The album includes a nod to that past master of futurism with a spirited take on Sun Ra's “Shadow World.” But it's Revis's compositions that sell the band. His “The Tulpa Chronicles” - spread across the album in three parts – is a beautifully metered suite for each of the instrumental voices. “Somethin's Cookin” could be seen as a love letter to Coleman's New York is Now. The intriguingly titled “Unknown” opens as an upbeat hard bop and progresses by pushing at its own edges. “3 Voices” is a ballad wonderfully crafted out of unison and sparsity. And whatever image the title “Hold My Snowcone” conjures, it probably wouldn't match the slow burn of the track.

The group will be touring France, Spain, Austria and Belgium in March, and Revis is looking forward to continuing on with the lineup long after that.

“We've all played together in different contexts,” Revis says. “I have full intentions of going back and forth between this and the trio.” In Memory of Things Yet Seen is, he promises, is “an initial foray into what will be a unique band sound.”

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Thanks for posting. I'm definitely interested in this. I actually found it quite hard to connect with the Parallax album on clean feed, although everything is in it's right place; there's something there and i keep coming back to it. Split in particular is a standout track. I think i need to hear more Revis to put Parallax in to context. The trio album with Kris Davis is getting more and more appealing to me but although i usually have really broad tastes i'm just not digging that style of piano or piano trio at the moment (belatedly digging in to fifties hard bop pianists and loving it)... although i must say i really dig the shades of Tyner/Corea/Hancock that she filters through her own style on Matt Bauder's Nightshades.

I'm about due for some new Darius Jones too which is a bonus.

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That does look like a good one.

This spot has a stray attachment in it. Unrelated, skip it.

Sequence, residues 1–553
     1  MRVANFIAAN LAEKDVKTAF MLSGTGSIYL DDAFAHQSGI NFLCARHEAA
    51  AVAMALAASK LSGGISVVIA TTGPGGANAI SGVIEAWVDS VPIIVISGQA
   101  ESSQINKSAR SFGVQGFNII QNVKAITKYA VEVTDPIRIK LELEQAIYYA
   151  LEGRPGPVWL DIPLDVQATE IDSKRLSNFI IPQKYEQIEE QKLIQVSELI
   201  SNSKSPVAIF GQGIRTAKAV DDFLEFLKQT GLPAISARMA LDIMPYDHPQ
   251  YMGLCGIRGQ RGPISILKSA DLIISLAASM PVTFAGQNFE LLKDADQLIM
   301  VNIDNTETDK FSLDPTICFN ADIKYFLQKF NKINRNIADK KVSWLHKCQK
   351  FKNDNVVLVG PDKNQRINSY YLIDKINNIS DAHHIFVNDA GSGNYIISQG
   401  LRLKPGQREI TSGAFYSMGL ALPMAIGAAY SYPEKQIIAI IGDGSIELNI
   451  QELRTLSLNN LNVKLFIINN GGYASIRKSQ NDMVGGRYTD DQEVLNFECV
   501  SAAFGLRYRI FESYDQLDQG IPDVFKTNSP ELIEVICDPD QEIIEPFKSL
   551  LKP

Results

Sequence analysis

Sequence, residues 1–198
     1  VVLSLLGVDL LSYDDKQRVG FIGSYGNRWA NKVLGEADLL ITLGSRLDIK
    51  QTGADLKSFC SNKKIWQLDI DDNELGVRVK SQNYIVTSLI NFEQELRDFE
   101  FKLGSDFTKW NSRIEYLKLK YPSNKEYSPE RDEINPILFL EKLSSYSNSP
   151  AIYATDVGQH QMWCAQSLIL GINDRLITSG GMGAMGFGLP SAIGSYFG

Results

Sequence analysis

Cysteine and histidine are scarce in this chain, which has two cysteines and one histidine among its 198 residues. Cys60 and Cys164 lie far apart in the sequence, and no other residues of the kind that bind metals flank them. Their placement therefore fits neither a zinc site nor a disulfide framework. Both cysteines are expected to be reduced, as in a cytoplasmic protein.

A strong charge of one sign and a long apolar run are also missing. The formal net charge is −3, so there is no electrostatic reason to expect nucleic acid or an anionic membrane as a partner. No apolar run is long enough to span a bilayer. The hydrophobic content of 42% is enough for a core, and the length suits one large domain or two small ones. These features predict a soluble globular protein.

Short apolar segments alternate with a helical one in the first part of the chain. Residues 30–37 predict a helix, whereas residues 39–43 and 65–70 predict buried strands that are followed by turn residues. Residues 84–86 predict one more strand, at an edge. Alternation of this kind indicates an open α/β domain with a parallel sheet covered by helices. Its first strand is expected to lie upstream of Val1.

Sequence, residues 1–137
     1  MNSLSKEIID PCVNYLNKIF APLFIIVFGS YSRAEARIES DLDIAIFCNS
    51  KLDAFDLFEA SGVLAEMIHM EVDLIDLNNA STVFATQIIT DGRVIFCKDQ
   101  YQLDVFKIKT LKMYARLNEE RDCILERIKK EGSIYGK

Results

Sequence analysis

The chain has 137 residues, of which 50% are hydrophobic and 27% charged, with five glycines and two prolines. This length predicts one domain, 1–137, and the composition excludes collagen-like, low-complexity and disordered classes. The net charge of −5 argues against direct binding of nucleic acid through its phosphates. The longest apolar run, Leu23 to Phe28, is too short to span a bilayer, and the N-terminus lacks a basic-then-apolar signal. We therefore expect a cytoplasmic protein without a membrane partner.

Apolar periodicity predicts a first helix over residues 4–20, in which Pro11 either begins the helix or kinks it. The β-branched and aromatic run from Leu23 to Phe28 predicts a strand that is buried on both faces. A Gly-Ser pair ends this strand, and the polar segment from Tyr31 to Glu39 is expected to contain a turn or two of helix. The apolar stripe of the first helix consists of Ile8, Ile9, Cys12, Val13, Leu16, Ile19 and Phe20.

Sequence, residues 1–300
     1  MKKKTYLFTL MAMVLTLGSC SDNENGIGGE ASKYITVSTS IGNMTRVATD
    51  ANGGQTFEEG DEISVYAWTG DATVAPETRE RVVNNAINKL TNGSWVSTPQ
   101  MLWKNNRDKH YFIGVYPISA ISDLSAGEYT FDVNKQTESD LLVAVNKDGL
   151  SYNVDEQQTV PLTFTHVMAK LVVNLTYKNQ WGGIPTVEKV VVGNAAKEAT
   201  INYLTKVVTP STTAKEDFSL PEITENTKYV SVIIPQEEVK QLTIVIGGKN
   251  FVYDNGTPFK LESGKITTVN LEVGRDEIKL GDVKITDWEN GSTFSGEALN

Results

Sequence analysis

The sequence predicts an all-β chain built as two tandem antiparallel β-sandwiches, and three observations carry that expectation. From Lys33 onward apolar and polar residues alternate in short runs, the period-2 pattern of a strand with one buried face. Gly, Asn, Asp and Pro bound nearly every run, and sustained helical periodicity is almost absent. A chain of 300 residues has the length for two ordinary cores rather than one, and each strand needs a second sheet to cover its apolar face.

FWIW, I'm fine with Parallax & Kris Davis.

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I'm thinking JSngry should be bringing a lawsuit for IP infringement over the title. ;)

Edited by Scott Dolan

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Glad to see Darius having success!

Edited by .:.impossible

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Would love hearing this, too. Eric Revis has always been a player I've dug, haven't heard those leader records, but he has a very wide taste. I love his tune "Black Elk Speaks" from Branford's "Braggtown".

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Thanks for posting that... i only skimmed through the tracks but it sounds really good; i'll be getting this. Jones and McHenry combine very nicely.

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My copy finally arrived yesterday, and it's as good as I hoped it to be! It's always hard to tell after only one good listen, but I think this is my favorite Eric Revis album yet. More composed than his Paralax and City of Assylum albums, this album just bursts with energy and joy. And as Xybert also said, the Darius Jones/Bill McHenry tandem is really great.

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Mine arrived from Squidco.

Sounds good on 1st listen.